Others are looking to be more left-field. Online wine retailer Garçon Wines has made a USP of using only recyclable materials for its wine deliveries. It uses two of the 10 bottles ordered to fill the voids around the other eight to minimise on packaging. But it has gone one better than that: It has developed 100% recyclable flat wine bottles.
The flat bottles are made from 100% recyclable PET (Polyethylene terephthalate), which is tough, shatter-proof and doesn’t interfere with the contents. They also look really cool and make for a reason why you may choose Garçon over other suppliers.
This is packaging innovation at its best and possibly the best exemplar of how packaging can be used to not only help the environment, but also influence shopper behaviour.
Ecommerce is a highly competitive business and anything that can give an etailer the edge is being snapped up. As Whistl found in its research, shoppers are starting to see packaging as one of those differentiators – looking for less packaging and packaging that can be recycled.
On the face of it, this could mean a massive rethink for business, but in reality there are some really simple alternatives that can be used to make packaging appropriate and recyclable.
This alone can be a differentiator, but as we have seen, some brands are taking this further still and turning it into a real talking point. Flat wine bottles take up less shipping space, need less packaging and look awesome. Applying this thinking to all packaging should be an imperative for all etailers, shippers and brands.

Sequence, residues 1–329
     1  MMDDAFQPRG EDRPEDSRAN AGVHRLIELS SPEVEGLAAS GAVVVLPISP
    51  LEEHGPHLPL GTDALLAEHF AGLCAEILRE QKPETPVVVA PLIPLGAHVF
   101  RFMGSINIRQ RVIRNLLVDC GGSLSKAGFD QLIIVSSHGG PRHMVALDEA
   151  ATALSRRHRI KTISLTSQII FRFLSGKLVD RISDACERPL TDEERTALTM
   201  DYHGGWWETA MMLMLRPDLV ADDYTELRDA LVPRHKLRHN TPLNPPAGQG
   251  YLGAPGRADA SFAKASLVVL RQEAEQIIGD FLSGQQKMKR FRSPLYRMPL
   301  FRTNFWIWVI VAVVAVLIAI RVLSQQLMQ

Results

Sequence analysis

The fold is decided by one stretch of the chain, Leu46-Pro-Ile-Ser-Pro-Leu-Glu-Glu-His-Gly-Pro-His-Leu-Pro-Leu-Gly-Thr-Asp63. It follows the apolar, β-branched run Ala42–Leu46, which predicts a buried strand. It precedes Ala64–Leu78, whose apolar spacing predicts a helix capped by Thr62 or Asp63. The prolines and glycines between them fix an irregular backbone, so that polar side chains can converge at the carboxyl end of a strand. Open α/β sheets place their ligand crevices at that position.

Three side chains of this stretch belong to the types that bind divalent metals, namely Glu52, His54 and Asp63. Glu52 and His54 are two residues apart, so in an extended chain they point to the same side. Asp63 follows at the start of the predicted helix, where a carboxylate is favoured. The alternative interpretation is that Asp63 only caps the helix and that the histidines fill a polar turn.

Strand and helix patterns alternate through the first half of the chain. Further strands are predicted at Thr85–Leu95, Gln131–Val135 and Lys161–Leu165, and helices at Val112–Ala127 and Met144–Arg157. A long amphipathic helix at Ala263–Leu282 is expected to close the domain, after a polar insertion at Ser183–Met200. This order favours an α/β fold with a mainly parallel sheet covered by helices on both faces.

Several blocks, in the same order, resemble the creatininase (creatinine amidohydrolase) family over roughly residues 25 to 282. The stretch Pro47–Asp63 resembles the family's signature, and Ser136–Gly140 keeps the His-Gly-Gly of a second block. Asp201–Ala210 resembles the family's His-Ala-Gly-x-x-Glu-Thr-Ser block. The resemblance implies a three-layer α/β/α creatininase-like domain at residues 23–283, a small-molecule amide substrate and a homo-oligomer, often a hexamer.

Watch this video to find out how Parcelhub’s proactive tracking support helps this £30 million turnover manufacturer, importer and online retailer increase delivery performance:
About Parcelhub – Part of the Whistl Group
Save time and money. Increase delivery performance. Enhance customer experience.
Parcelhub is a bespoke and proactive multi-carrier delivery management solution. Flexible and scalable, its services integrate seamlessly with Linnworks, providing hundreds of multi-channel retailers, global brands and wholesalers with one access point to 20+ carriers and 600+ services.
Distributing more than 6 million parcels on its own carrier contracts every year, Parcelhub’s free multi-carrier shipping software grants hundreds of national and global businesses access to ‘pooled volume’ discounted rates from its carefully selected range of carrier partners, including Hermes, Yodel DPD, DHL, UPS, DX, Parcelforce, CollectPlus, SkyNet, ArrowXL, Interpost, Panther Logistics, Direct Link and Palletforce. Dedicated proactive parcel management comes as standard.
Parcelhub is part of the Whistl Group. Whistl is the leading delivery management company enabling customers to get their letters, leaflets or parcels to customers efficiently and cost effectively both in the UK and internationally. It is headquartered in Marlow with 8 depots and 2 fulfilment centres across the UK handling 3.8bn items a year. The company is privately held with over 1,500 employees and a turnover in excess of £600m. It has grown significantly over the years and is now expanding its presence in the eCommerce sector offering fulfilment services to customers through a seamless experience from first click to final delivery.